Last stop Osaka

Until the day before yesterday I was still in two minds about visiting Osaka. People I was asking about did always answer; ‘For food it’s worth to visit. Otherwise don’t go.’, so not very promising for a person like me, who sees food only as necessary to keep the body going rather than celebrating it.

I checked for hostels/hotels and said to myself; ‘If you find a bed/room below 10 EUR you go. How delighted I was, when I actually found a room with fairly good reviews for a bit less than 7 EUR. It sounded a bit too good to be honest, but as I’m relaxed when it comes to very basic living I gave it a go and booked me in for a night.

I told Motoi (the Couchsurfing host from Tokyo) about it and he said ‘This hotel is by the zoo- That’s were all the Mafiosi stay. The ones with the missing finger. You know?’ I thought he was kidding, but he made it very clear that he is not. He told me he wouldn't go in that area as he thinks it’s not safe. ‘Cool’ I thought ‘It’s gonna be a great time in Osaka’.

After I arrived in Osaka I got the underground to near the hotel. When coming out of the station I noticed straight away, what Motoi meant. It was dodgy looking people and tramps everywhere and I could hardly spot any women. I immediately felt insecure. Luckily I only had to cross the street to get to the hotel. Upon arrival the picture I got of Osaka did not get any better. The hotel lobby was full of dodgy looking people as well as men I assumed that where alcoholics.

I checked in and went up to my room. As I opened the door I could not believe my own eyes. They gave me a prison cell! Seriously, the room was that tiny it could hardly fit the single mattress. Window and three hooks, no wardrobe, no chair, no desk, not even decoration like a nice picture or so- that was the room. No wall paper nor painting only the cold concrete. On top the window didn't shut properly, so I assumed it is going to be bloody cold in the night. Anyway, what do you expect for less than 7 EUR a night?! At least the sheets were clean.

After I got over the room situation I decided to explore Osaka. I took one of the free bicycles the hotel offered and had a loop around the zoo first. There I could find a lot of food stalls, but as I wasn’t hungry at all I decided to skip food and cycle further into town to the Dotonbori area. I now got a completely different view of Osaka.

Up in Dotonbori it felt a bit like the little sister of Tokyo. There were shopping streets with Uniqlo, H&M, Urban Outfitters and Co, lots of souvenir shops, cafés and restaurants. Also the bright billboards advertising all sorts of stuff.

I locked the cycle and had a little stroll along the canal. At some point I noticed people piling up across the canal. I got curios what they might queuing up for. So I looked for a bridge to cross and went back to the point where the people did queue up. When checking the menu I found out the restaurant is one of the oldest Ramen places in town. As my stomach was rumbling anyway I decided to give the restaurant a go. Once in the line a friendly waitress approached me and asked me to fill out a sheet, where I was basically asked, how done I wanted my noodles, how rich the stock should be, how spicy I want, if I like garlic an so on. After 10 minutes of waiting it was my turn to finally leave the cold and enter the restaurant. Before getting placed by the waiter I had to buy a ticket for the noodles at the vending machine. I then got placed.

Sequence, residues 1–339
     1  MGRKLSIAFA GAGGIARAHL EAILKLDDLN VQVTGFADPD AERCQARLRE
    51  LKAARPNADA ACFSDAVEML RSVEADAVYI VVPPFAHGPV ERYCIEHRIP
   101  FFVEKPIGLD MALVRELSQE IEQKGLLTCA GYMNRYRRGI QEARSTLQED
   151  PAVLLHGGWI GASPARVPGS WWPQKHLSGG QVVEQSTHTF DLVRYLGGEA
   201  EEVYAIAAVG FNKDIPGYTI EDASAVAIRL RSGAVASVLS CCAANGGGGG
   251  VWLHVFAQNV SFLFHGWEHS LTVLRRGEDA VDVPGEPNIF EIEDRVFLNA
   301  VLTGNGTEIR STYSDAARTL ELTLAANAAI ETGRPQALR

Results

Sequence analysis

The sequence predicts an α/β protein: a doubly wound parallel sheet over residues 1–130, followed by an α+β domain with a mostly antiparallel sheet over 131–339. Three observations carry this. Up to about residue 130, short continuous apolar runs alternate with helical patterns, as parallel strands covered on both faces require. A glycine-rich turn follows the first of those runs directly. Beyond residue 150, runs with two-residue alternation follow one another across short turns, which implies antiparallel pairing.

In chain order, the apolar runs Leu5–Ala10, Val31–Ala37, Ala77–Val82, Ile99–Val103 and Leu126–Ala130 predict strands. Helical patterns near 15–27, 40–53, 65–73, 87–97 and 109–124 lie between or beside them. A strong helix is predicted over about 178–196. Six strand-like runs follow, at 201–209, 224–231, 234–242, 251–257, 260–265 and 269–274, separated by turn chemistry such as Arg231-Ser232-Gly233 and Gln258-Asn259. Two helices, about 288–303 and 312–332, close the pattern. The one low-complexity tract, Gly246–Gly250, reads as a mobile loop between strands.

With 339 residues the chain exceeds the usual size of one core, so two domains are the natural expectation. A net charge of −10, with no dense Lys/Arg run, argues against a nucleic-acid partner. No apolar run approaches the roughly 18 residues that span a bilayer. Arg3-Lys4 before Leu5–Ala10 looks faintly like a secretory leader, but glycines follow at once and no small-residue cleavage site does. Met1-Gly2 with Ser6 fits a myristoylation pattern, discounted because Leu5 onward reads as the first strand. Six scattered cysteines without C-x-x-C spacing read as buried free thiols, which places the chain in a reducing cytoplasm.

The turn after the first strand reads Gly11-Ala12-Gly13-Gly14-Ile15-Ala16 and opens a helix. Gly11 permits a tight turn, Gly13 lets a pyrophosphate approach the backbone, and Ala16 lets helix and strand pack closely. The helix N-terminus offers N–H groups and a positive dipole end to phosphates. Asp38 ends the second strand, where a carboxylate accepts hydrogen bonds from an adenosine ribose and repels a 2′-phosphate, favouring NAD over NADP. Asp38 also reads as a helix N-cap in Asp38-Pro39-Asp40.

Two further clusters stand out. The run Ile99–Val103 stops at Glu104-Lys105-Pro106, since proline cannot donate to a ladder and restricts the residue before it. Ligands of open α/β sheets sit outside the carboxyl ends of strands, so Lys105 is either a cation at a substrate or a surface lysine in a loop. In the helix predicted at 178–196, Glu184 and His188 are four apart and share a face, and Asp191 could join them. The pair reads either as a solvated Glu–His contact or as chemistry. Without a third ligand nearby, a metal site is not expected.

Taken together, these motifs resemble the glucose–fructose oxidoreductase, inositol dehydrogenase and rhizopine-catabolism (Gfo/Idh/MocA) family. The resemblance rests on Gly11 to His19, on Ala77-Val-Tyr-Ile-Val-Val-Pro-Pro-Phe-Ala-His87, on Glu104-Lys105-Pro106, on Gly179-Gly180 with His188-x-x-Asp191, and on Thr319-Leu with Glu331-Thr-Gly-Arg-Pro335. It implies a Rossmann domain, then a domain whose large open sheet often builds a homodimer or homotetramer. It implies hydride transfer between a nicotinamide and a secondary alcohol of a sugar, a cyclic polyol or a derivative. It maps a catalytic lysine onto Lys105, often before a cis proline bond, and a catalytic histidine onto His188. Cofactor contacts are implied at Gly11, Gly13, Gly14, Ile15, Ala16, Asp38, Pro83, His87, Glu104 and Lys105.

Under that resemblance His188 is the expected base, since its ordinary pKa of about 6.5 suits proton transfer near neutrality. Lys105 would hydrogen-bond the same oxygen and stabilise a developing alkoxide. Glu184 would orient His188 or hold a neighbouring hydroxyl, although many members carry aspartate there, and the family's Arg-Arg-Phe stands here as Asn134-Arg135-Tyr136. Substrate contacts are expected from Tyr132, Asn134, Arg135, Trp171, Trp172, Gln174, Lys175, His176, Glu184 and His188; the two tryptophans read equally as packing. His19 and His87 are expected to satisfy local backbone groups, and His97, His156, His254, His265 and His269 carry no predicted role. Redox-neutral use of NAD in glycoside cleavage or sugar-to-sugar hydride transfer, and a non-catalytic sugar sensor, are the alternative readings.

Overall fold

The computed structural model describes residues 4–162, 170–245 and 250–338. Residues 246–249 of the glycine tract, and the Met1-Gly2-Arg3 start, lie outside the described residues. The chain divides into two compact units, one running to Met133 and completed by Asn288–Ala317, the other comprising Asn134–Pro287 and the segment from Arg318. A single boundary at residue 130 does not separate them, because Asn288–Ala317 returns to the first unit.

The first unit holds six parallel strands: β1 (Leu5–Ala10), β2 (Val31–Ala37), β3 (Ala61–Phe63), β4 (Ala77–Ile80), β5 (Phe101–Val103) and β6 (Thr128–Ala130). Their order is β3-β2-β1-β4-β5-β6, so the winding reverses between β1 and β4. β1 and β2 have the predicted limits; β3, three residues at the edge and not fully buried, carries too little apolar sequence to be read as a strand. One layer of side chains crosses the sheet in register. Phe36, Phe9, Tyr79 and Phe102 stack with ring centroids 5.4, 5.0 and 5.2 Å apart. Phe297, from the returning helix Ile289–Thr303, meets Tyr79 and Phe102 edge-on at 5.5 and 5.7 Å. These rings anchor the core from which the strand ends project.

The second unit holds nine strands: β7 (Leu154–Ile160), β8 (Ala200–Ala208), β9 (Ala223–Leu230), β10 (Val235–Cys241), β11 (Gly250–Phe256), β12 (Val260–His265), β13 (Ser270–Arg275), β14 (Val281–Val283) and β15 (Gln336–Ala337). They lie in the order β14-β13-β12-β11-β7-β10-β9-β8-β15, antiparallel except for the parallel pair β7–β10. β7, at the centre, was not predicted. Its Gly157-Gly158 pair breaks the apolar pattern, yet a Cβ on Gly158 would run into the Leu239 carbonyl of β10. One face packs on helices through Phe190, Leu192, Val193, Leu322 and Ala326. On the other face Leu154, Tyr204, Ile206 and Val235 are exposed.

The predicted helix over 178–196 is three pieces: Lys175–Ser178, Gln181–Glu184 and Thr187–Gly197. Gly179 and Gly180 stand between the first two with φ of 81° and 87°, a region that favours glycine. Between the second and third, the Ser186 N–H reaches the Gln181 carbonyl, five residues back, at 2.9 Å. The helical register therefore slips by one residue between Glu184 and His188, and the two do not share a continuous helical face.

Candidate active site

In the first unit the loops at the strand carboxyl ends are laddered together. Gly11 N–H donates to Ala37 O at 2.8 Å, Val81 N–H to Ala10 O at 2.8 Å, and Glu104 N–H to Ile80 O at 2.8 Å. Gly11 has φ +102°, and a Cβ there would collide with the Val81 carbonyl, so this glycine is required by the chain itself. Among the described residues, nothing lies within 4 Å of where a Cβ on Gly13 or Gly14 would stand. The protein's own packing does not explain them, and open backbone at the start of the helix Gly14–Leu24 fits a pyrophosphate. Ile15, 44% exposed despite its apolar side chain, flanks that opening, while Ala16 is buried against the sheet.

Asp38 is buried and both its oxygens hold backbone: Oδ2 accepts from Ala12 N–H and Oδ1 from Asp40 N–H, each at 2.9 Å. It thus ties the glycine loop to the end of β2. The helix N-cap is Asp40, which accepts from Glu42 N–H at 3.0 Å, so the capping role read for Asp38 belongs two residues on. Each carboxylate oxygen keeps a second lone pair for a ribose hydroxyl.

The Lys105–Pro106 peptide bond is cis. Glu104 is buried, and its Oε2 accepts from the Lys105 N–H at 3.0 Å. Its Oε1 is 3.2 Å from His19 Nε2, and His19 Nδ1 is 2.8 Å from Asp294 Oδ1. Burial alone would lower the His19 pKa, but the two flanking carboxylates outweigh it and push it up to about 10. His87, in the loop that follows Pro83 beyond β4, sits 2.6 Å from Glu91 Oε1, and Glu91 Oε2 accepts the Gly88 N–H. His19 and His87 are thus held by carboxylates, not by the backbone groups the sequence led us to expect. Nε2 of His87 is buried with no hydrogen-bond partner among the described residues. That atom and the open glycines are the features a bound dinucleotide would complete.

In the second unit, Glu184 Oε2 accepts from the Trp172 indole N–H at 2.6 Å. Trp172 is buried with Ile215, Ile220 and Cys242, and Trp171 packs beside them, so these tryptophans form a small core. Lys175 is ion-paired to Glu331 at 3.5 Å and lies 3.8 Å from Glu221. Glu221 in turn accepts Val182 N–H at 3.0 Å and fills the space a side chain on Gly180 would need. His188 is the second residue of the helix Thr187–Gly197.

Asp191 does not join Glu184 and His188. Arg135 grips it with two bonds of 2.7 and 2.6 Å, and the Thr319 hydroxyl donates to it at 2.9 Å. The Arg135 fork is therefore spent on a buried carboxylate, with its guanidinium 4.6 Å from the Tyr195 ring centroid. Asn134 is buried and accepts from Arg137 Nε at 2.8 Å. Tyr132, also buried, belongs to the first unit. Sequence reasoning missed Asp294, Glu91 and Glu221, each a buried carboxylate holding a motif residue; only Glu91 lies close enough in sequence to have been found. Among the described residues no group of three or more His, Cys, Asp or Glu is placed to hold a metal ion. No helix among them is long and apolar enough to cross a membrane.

It was one of the typical Ramen places, where everyone gets their one booth. Once I sat down the bamboo shutter went up and the chef asked me for my ticket. I then handed him the ticket I got from the vending machine as well as the sheet of paper I had to fill outside and after not even five minutes got my food served. The noodles and especially the overall experience made my trip to Osaka finally worth it.

I then went back to the cycle and made my way home. Back in the hotel I tried to stay in the lobby as long as possible. It was the only place within the hotel with wifi and on top of it the only warm one too. So I gathered next to the radiator and skyped with my sister. The dodgy people from when I arrived where no longer there and I actually met some really nice people. An Australian guy, who had just moved to Osaka and works as an English teacher and a Canadian, who is already travelling for over 6 years and tries to earn money by creating and selling art. Both were a lot different to me, cause they’ve already been travelling for years, however, we still had a good laugh. Around midnight I felt brave enough to go back into my ‘prison cell’ for a bit of sleep. In the end all went fine and it wasn't that bad as the blanket was doing the job and kept me warm.

Now on my way to Saga where I will be flying to Shanghai tomorrow.

Note: This post was already written on Dec, 7th


  1. I am sure that you will bring a lot of new impressions and incredible projects from this journey that showed you the traditions of such an amazing country.

  2. It's necessary to remember that Osaka is a large port and trading city on the island of the Japanese Honshu archipelago which is famous its modern architecture, nightlife, cafes and eateries.

  3. Japanese food is that thing you can travel from the other side of the planet for, just to taste it and feel the special atmosphere in eateries like that you have visited in Osaka.


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